Although it rain all night we got a good night sleep and decided to continue on our way. We moved up the coast to an area Ray had picked on the map. When we got there I saw a seawall ahead and thought it would be nicer to anchor behind it, it was about 1hr away. When we got there we couldn’t find anywhere to anchor because of all the fish traps that were along the edge of the channel so we had to continue on. We found a little inlet in front of a village Ban Khok Khan. This village looks as though it had taken a beating from a gale as trees were blown over and the beach was so badly eroded that the houses had toppled over onto the beach. Most of the villages were living in humpies. Looking down the coast from where we had just come from there was a monster storm lashing the coast. So it looks as though we are going to get storms every afternoon/night. We decided to get an early start in the morning and see how far we can get up the coast. Just before lunch Ray and I had a major disagreement. He had found an anchorage he wanted to head for before Songkla we would get there before dark and I wanted to go straight through to Songkla arriving just on dusk or maybe after dark. We could not agree, as neither would give in we decided that we would continue all night to Koh Samui.
The winds picked up and we had the storms we had predicted. It has been a long time since we have had wind like that and so Ray was having so much fun sailing that I have got him to write the following because I only came and helped when needed.
Below is Ray’s version.
It was a very interesting night of which I enjoyed as it kept the adrenaline flowing and it was easy to stay awake. We had about 12 knots true wind, close reaching most of the day until all the storms came just before dark then the wind kept shifting and going up and down in strength so there was a lot of furling in and out. There were squid boats and trawlers everywhere and the occasional tug pulling a poorly lit barge.
The squid boats were helpful with their bright lights as you could head towards them and if there were any pots, fads or nets between you and the squid boats you could see them, doing this though mean I had to pass quite close to them but most of them were anchored. The squid boats I have seen in the past have had white or green lights but these had all sorts of colours. One I passed about 50mtr in front of his bow had the brightest lights and they were white, green, mauve, purple and turquoise, it was quite a sight but being the ever vigilant photographer I forgot to take a photo.
The trawlers were difficult as there were so many of them and they were so close together you didn’t know if they were pair trawling (towing a net between the two trawlers) or stern trawling. The trawler’s lights were something I’d never came across or studied in school. One of them had a very bright red and green light which from a distance looked like port and starboard but as I got closer, I knew there wasn’t something right because the angle of approach was changing but the red and green were still there, I finally, just in time, picked up the true navigation lights to see I was going to cross 100m in front of his bow. The super bright red and green were long tubes in the rigging and once again my photography skills let me down.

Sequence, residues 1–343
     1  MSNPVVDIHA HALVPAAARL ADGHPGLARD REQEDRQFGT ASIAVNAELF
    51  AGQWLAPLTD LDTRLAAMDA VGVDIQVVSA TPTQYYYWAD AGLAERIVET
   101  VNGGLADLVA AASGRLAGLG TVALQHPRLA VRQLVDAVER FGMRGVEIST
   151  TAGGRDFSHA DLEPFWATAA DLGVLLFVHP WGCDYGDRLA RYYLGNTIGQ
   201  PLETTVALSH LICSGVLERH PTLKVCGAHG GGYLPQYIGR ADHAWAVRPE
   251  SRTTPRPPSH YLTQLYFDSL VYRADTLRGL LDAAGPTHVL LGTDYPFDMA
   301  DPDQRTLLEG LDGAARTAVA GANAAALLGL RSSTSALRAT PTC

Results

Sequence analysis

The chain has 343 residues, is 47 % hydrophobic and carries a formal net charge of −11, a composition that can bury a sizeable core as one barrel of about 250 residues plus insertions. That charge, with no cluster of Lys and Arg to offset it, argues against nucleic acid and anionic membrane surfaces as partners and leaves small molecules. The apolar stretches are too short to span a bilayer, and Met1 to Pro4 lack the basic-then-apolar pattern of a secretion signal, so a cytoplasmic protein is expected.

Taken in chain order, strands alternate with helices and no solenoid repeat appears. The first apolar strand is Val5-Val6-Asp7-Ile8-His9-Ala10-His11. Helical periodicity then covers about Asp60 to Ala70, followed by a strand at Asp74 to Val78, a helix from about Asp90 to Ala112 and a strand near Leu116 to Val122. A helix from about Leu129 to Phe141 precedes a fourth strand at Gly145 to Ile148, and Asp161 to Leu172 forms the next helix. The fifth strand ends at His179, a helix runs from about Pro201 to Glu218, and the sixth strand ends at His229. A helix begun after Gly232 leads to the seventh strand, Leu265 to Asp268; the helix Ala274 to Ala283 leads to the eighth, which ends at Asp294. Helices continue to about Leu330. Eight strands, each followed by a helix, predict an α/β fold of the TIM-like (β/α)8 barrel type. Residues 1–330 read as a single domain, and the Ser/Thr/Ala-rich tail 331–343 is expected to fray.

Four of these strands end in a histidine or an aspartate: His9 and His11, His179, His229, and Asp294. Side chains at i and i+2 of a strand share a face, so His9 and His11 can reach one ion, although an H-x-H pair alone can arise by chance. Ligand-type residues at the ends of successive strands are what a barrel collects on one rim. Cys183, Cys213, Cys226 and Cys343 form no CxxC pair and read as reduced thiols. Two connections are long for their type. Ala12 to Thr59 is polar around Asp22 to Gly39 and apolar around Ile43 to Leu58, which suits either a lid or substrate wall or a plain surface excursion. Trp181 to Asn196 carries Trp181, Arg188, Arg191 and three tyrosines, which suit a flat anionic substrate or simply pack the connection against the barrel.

It was good to see sunrise but on the whole it was a heap of fun.

30/5/16 We arrived at Koh Samui at 17:00

Picture attached - Street art

Kualu Pahang - Kualu Terenggua

04 June 2016 | Kualu Terenggua
Shaunnaugh
17/5/16 Kuala Pahang. We anchor at Kuala Pahang for the night on our way to Cukai. We saw 2 flags indicating that there was a net on the seabed but we couldn’t find the 3rd flag and we thought we were being very careful to anchor away from the flags but when the fishermen were pulling up their net it was stuck so they asked us to pull up our anchor a little bit, it came up with the chain tangled in the net. I think he was as surprised as we were to see how knotted it was, they tried to untangle it with no luck. Because the net was half in his boat and attached to our anchor chain, the chances of his boat damaging our boat was great so the fishermen had no alternative but to cut the net away from the chain. They weren’t very happy with us and after they left Ray cut away what was left on the chain he returned the sinkers back to the fisherman with some money as compensation. The fishermen were grateful for the money and offered us what they could, which was a stingray, as we have never cooked stingray we declined the offer, with international relationships restored we slept well that night, the next morning to Cukai.

18/5/16 Cukai. We anchored up the river across from the centre of town. There are shops, supermarkets and lots of places to eat. There are some trendy café’s and a morning market every day. The population are mainly Muslim; we are anchored not far from the Mosque so I woke up to do my yoga with the call to pray every morning around 4am. It’s actually a nice way to start off the day, if the person praying can sing well.
We have discovered on our travels thru S/E Asia that most people of the Muslim religion in this area do not touch dogs or anything a dog has been using, it doesn’t mean they dislike dogs but if they do happen to touch a dog they have to do a very involved cleansing ritual at the Mosque. While saying this we have to keep in mind that there are different Muslim religion similar to how we have different Christian religions, you know what I mean; Catholic, Church of Scotland and the evil Westboro Baptist Church. So I am not sure if this is the case with all the different Muslim religions.